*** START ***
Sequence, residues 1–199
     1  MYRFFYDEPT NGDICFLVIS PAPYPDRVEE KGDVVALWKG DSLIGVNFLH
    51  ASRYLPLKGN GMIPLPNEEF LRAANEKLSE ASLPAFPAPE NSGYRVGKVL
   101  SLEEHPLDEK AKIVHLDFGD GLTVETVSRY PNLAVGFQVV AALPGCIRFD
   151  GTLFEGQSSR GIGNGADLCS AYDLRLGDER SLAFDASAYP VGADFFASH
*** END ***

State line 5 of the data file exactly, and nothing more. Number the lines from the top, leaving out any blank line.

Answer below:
   151  GTLFEGQSSR GIGNGADLCS AYDLRLGDER SLAFDASAYP VGADFFASH